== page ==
In 07' the next "wave" of fish-heist flicks "washed up on the shore". I was so hesitant when I first heard the rumors of what us fish-heist comedy fans were calling "the resurfacing of christ-fist." I couldn't help but imagine what time would have really done to my beloved movie genre. How would the humor hold up? Would all the dry wit of the early installments be "washed away" by fart humor and boob jokes? Then there was the announcement that no real fish would be used in future fish-heist comedies. That really angered the community of loyal fans this genre had. There was clearly a lot going on in the ways of opening up the "pond" to a new "school" of fans by changing was the genre was really all about to begin with.
Despite all of this, I went to the premier of "Fish Bong" in 2007. And it was worse than I could have ever imagined. Between the CGI fish, the poop humor, the gratuitous male nudity, and lack of character development, I was forced to leave the theatre sobbing. I laid in bed for ten straight weeks. Nothing could get me out of that funk I had fallen into. At one point, my family resorted to contacting Jumbo to try and turn my spirits around. They thought if Jumbo could come into town for the premier of "Fish Bong 2: Here we Bong Again", we could see the movie together, have fun, and maybe I could have the realization that none of this was worth it. So Jumbo came over, sat at the end of my bed, and pleaded with me to get out of bed and go to the cinema with him. I refused. This is the only memory in my life that I ever tried to block out, and for the most part it's worked. I don't recall what was said at all, but I remember yelling on my part.  I remember Jumbo's face, not even being able to look at me as I screamed at him. A single tear rolling down his cheek. Then he was gone.
My mother came into my room that night with awful news. Jumbo was dead. He was shot and killed by a thief at the cinema that night. She told me he was targeted because he was the only person in the entire theatre seeing the new fish-heist comedy without a friend. 
The first time I had left my bed in months was to attend my friend's funeral. Everyone there seemed to know the story of what had happened. The dirty looks and stares from everyone in attendance couldn't be avoided. After the service had ended, and my friend was buried, I remained in the cemetary next to his gravestone. I didn't cry. I couldn't cry. I just sat there, remembering all those damn fish-heists we used to laugh at so much.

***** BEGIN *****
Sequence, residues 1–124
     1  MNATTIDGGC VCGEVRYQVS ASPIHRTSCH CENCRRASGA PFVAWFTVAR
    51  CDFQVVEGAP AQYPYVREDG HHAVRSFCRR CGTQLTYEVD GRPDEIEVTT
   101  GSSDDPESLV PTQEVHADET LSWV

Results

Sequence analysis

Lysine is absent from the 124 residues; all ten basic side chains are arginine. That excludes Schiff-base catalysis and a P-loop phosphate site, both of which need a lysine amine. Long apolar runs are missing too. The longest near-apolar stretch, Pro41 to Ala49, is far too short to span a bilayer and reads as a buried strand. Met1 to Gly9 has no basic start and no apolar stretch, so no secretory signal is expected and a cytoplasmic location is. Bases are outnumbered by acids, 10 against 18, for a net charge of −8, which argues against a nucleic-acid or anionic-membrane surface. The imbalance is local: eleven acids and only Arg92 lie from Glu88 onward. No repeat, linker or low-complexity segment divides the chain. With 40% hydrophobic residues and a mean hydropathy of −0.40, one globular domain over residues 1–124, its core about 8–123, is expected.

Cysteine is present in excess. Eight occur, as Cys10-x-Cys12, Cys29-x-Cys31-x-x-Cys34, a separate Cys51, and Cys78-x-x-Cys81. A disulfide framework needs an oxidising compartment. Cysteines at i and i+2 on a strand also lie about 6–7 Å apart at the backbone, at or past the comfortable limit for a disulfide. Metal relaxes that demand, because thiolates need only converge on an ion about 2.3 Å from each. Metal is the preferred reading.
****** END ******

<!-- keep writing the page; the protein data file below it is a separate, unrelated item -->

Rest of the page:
It was at that moment I realized I wasn't alone.
I looked up from the grave to see Peggy Lane, my old flame from highschool, standing across from me. I stood up and looked into her eyes. Something happened right then. I had been looking at people all my life, always making eye contact, but this was different. When I looked at this woman, right in eyes, I could see more than that. It was like nothing I had ever experienced. For the first time in my life, I was looking into something other than a TV with some fish on the screen. I was looking into a person, and in doing so looking right back in to me. It was as if I was seeing what she was seeing. 
It was at that moment I realized I would never be alone.
Peggy and I were married the following spring. We bought a house, settled down, had some kids... We even got that white picket fence everyone always talks about! Can you believe it? 
Everything has been perfect! And all it took was seeing a bad movie, getting depressed because of it, having your best friend die because of THAT, and then ultimately rekindling a romance with a girl you dated in highschool. Sounds great, right? Gets even better! Peggy and I have not only rewatched all my favorite fish-heist comedy video tapes, but we've actually watched all the new ones that I missed while I was depressed as well. 
There's something in those new movies, I definitely wouldn't call it good, because it isn't. It's gotta just be some good old fashioned nostagia, for me at least that makes it possible to sit through those ridiculous things. Also, every once in awhile you catch something worthwhile in one of them. I mean, sure, i cried when Lenny got eaten by Krill in "Big Shrimp", and yeah I laughed when Joe and Mikey got their weiners bitten by cat fish in the infamous scene from "Zebra Muscles 2". But I haven't really felt anything from these new movies without having to seriously try. I used to just be able to watch these movies and let the feelings come. Now, I have to sit down and not only prepare myself to experience fake emotions but also prepare myself to fake entertainment.
i really do believe the genre has run it's course. It's hard for me to say those words, having literally all the most important decisions in my life stem around a certain film genre, but it needs to be said! I will always have these early video tapes and video discs of my favorite fish-heist comedies, and that's all I need. Nobody has ever had a gem that turned into a horse which eventually got killed and beaten repeatedly and have that dead horse turn back into a gem again. (Another metaphor! Sorry, I couldn't resist!)
The inventor of fish-heist, Gorben Zorbson, even said it himself: "Sure, we caught something great and it made millions of people happy, but i'm a firm believer in catching... and releasing..." 

I say we throw this genre back in the pond!
in loving memory of
and his parents